The rest of our holidays was more trains, buses and taxis. Because our train to Sydney the next day was delayed by 30 mins, it meant we had time to duck across the road for this…

Easter in Sydney was a whirlwind of wheeling luggage around from Central to Bondi Junction, lunches, family, chocolate, pizza, no church, no beach and an Easter egg hunt in Granny’s courtyard.

We caught a bus and taxi (thanks, “track work” on the Eastern Suburbs train line), and then met my friend Nadia to catch a train to the Royal Easter Show with our boys aged 8 – 13, then a train, bus and another bus back to Mum/Granny’s.


Boys 8, 11 and 13 ready for the journey home

After the Show, it was a bus from Central to Darlinghurst to Nadia’s amazing new pad – location, location, location! Then we hot-footed it to Kings X to get a bus back to Granny’s. 14,000 steps later, I collapsed on the couch and George carefully examined his Warheads (sour candy) showbag.

Location, location, location! Perfect for Mardi Gras.

The next day was lunch with Sister Señorita Margarita in the very lunch-friendly Woolworth’s* express in Pitt Street Mall (Leura Mall, more like it), before catching a train and a bus to Skyzone in Alexandria to meet my cousin and her son and then catching a bus back to Bondi Junction where the thought of a train and another bus back to Mum’s was all too much so I jumped in a taxi. Which really was all too much, in the dollar sense.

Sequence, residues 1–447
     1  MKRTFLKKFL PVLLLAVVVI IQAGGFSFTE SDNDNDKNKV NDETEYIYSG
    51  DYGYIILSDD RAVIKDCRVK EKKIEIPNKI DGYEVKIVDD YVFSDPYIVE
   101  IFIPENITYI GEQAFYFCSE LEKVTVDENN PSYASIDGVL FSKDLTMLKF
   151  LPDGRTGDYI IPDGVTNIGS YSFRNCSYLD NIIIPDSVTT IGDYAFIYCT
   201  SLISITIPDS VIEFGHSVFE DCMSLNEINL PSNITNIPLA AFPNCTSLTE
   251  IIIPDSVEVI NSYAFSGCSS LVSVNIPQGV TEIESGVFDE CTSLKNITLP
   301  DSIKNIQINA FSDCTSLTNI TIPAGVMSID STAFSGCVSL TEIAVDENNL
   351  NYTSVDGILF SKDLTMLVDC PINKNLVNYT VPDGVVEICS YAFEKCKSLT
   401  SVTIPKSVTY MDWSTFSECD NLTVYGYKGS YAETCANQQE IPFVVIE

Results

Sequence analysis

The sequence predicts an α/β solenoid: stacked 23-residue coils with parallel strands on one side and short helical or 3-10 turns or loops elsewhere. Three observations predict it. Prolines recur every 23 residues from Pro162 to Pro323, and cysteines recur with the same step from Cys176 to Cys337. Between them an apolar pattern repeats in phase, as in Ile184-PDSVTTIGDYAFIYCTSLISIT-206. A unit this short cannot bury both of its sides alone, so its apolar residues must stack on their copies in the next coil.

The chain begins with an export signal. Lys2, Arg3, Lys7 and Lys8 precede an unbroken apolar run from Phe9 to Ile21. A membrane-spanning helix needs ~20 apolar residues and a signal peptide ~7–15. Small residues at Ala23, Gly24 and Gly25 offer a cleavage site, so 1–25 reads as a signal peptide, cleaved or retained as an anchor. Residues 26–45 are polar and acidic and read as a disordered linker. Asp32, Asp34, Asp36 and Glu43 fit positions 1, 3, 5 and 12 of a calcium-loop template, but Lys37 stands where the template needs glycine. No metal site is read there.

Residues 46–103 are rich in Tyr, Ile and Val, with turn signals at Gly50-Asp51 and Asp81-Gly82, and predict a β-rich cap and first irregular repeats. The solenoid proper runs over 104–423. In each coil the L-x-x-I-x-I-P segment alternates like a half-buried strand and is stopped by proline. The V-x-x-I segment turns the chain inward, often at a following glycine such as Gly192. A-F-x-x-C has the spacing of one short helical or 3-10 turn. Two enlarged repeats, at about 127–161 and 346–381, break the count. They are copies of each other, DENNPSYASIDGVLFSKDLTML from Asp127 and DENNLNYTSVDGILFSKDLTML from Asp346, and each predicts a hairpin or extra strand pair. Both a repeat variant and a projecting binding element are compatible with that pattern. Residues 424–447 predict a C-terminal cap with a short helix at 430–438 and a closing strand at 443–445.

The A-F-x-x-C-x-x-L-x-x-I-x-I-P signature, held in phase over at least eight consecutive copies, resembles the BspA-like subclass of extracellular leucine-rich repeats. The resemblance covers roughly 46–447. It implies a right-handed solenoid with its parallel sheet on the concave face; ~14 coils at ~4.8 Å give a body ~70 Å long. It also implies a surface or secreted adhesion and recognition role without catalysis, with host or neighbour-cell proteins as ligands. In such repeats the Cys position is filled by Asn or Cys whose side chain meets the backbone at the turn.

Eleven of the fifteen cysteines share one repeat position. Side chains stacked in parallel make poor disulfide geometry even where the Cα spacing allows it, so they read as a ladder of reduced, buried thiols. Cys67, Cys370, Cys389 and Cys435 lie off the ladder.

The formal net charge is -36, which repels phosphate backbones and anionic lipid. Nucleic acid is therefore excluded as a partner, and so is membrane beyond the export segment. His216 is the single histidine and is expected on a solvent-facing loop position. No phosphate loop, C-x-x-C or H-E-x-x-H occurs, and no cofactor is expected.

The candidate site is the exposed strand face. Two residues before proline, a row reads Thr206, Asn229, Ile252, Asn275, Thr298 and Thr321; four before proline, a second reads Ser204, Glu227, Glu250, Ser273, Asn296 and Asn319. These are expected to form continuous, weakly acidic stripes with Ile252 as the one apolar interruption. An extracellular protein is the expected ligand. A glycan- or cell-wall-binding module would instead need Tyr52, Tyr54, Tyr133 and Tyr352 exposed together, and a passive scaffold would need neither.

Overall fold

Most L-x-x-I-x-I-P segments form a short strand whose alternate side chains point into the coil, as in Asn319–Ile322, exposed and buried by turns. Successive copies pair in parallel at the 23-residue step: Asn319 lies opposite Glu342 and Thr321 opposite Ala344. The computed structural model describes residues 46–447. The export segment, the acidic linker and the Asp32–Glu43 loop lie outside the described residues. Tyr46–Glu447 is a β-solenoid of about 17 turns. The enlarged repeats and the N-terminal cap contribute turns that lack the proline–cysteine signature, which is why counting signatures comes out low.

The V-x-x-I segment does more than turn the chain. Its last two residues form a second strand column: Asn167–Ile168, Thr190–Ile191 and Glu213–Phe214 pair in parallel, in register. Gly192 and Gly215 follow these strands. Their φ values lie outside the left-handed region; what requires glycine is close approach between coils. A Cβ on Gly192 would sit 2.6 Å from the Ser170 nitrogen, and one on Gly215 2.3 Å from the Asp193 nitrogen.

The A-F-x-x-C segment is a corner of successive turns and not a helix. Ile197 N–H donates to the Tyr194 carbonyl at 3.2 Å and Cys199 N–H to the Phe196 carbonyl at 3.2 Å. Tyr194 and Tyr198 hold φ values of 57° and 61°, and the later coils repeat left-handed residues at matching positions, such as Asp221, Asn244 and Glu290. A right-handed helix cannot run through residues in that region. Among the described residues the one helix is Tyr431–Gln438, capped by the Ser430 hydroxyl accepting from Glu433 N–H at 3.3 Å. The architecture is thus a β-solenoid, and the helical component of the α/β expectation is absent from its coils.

George found his mothership in Sydney’s CBD. He looks a bit tired. Too many holiday late nights!

The next day, we got a Murray’s bus back to Canberra, then a taxi home to my beautiful, scratched little hatchback that gets me from A to B.

Before the Easter holidays ended, we managed to fit in another Easter, Greek Easter, with family friends of George’s dad. George found a canine friend there. I still haven’t managed to get him a dog. I can’t remember this dog’s name, but I think it was a Greek name and she’s part husky.

George and his Greek-Siberian friend



Much fun was had by all cracking these beautiful creations, by knocking them together and seeing whose egg cracks. It’s sort of like pulling Christmas crackers without the cheap plastic trinkets and hats.

I hope you’ve had a great start to Term 2, or May, if you don’t think in school terms. Less than four weeks to Winter, my second-favourite season! I’d better fit some decent Autumn walks in before then, since it’s my favourite time of the year.

Canberrans say you don’t turn your heater on until after Anzac Day. It’s not that cold yet, so I haven’t needed to. I’m really enjoying sitting with a blanket over my knees in the evening when there’s a bit of a chill. It is SO cosy.

*This post is not sponsored by Woolworths. I just go there a lot.

The trek to Tuggeranong. Or long day’s journey into night.

Spider Boy and I had a slight obstacle on the second day of Term 2 last week when the entrance of our street (a no-through road) was flooded during the big Sydney storm (well New South Wales storm actually).